Over the past three years, we have piloted a systematized approach — feedback loops — to collect and analyze data and share findings with community residents to co-create strategies and projects that address their aspirational goals. We started with 12 local Habitat organizations in the United States.

Our goal was to examine if integrating standardized feedback mechanisms increases the level of resident engagement in these neighborhoods. We evaluated as follows:

  • Explored whether technology that allows for real-time feedback could help facilitate this process.
  • Developed a rubric to track the progression of integrating feedback loops.
  • Evaluated data associated with the feedback loop prototype.
  • Completed focus groups and key information interviews.
  • Synthesized all data to provide quarterly updates on the level of resident engagement.

Lessons Learned:

  • Feedback loops work!
  • Having a rubric to monitor the coalition’s integration of feedback loops helps Habitat provide clarity and to track continuous progression.
  • The feedback loop methodology can increase or sustain the level of community resident engagement. This occurred in each of the 12 pilot communities. As an example, prior to the pilot, 11 residents of a Missouri neighborhood were engaged in community projects. Now, more than 46 residents are actively participating.
  • Integrating the feedback loop methodology during community conversations can change the dynamic between community residents and the people and agencies that support them. One example from our pilot is a Georgia neighborhood where community residents said they felt as if they did not have a major role in decision-making regarding community improvement.  Now community residents and partners are both co-creating projects and planning on their future efforts with equal input.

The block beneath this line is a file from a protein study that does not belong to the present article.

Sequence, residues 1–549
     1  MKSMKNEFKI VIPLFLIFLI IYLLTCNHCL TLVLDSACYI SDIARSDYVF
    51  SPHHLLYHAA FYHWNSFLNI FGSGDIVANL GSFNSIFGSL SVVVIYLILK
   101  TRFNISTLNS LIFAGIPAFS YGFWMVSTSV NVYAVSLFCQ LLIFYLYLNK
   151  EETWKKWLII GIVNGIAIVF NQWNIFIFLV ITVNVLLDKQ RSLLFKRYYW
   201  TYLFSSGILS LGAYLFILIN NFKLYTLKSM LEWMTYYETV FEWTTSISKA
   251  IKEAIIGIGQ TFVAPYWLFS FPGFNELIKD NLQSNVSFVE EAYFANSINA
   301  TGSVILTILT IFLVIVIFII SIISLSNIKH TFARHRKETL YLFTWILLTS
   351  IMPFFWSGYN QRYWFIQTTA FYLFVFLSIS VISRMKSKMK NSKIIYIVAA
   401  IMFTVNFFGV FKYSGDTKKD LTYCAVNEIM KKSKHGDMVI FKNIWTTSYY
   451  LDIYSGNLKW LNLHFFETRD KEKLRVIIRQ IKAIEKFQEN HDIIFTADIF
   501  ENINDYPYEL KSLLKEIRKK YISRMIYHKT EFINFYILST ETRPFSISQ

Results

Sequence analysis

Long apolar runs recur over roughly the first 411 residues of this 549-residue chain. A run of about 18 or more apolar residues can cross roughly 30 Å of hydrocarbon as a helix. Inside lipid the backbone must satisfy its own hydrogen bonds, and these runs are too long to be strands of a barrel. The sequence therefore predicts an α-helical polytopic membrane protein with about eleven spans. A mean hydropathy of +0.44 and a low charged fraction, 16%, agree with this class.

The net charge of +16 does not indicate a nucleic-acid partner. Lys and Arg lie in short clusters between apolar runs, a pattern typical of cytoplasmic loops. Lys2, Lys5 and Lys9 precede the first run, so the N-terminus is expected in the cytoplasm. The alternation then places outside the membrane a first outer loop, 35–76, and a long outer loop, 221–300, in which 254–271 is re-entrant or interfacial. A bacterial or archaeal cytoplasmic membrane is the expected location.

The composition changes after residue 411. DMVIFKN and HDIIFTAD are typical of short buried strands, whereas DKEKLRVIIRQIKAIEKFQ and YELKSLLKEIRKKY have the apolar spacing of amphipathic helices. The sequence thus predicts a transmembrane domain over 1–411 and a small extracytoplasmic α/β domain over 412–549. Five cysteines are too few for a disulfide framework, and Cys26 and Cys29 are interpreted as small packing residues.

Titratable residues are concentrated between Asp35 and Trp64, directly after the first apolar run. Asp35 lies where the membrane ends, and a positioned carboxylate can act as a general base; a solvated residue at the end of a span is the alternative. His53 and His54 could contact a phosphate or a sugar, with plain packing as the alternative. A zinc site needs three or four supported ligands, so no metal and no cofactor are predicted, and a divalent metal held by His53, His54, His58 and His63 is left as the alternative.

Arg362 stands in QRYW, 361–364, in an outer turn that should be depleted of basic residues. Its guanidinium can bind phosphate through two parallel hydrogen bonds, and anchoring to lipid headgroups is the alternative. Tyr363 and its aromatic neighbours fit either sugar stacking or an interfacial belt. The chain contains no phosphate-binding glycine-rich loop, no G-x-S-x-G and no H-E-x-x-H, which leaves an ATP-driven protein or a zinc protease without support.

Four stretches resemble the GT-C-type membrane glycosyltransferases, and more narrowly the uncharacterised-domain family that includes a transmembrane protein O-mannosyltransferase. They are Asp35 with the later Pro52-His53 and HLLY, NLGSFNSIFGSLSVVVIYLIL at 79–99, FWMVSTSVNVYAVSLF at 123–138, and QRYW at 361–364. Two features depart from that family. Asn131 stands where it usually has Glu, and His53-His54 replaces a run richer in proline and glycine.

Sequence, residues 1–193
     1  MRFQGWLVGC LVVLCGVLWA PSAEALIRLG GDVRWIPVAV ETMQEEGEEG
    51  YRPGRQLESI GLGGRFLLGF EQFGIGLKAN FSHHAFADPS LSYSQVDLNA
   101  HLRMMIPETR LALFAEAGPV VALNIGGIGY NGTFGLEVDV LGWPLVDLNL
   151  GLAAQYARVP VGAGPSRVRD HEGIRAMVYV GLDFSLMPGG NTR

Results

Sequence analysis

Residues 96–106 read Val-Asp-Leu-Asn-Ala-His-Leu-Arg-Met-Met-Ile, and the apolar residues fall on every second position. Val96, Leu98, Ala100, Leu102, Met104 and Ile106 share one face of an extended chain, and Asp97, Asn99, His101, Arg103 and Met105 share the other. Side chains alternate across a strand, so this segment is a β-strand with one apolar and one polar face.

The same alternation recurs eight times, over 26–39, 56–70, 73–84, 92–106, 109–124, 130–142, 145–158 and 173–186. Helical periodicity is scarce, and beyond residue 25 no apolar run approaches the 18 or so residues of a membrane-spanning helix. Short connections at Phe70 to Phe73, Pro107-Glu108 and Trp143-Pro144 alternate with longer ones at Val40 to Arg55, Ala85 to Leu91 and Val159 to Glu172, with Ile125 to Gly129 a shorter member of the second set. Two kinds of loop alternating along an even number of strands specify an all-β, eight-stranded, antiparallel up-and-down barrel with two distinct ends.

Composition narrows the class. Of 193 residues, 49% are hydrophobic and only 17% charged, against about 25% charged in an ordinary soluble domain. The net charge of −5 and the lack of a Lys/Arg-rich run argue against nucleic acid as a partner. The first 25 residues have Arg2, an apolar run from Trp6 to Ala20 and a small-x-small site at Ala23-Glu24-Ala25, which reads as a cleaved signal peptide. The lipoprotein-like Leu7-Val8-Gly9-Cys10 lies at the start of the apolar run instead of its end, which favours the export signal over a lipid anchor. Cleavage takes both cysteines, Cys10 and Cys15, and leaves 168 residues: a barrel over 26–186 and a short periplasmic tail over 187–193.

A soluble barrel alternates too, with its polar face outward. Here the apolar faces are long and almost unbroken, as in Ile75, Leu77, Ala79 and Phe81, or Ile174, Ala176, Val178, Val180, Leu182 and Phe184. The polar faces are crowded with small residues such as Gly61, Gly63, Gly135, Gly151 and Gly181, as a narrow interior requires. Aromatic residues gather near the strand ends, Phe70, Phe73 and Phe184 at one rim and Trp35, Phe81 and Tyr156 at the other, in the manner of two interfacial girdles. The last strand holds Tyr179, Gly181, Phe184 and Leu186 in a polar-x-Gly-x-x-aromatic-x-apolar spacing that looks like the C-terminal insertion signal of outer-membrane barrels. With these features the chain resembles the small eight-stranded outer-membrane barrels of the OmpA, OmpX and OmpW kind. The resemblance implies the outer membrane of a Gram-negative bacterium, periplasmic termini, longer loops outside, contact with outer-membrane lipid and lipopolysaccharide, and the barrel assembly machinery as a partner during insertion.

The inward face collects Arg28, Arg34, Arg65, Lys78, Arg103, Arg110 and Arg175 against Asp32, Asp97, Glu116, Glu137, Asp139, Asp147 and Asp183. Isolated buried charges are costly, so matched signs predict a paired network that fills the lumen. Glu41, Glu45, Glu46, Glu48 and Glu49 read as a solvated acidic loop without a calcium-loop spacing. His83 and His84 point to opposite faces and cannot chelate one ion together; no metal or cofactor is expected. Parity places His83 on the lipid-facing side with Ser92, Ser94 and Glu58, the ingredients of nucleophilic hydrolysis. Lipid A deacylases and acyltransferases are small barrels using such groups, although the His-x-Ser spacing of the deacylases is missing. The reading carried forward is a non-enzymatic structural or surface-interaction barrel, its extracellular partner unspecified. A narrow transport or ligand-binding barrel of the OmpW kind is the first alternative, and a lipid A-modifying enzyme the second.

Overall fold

These learnings provide insight for Habitat for Humanity on how collecting shared metrics has strengthened the evaluation of community engagement. The methodology helps us to continuously refine programs, projects, or systems.  Our next step is to undertake a detailed exploration of the sustainability of feedback loops.

Rad Resource: Survey Gizmo has built in reporting mechanisms that enabled community residents to see how their community responded. Another great technology is Scantron’s Class Climate product. This system is especially helpful for agencies that work in communities where residents prefer to provide their feedback through a paper form.

Do you have questions, concerns, kudos, or content to extend this aea365 contribution? Please add them in the comments section for this post on the aea365 webpage so that we may enrich our community of practice. Would you like to submit an aea365 Tip? Please send a note of interest to aea365@eval.org . aea365 is sponsored by the American Evaluation Association and provides a Tip-a-Day by and for evaluators.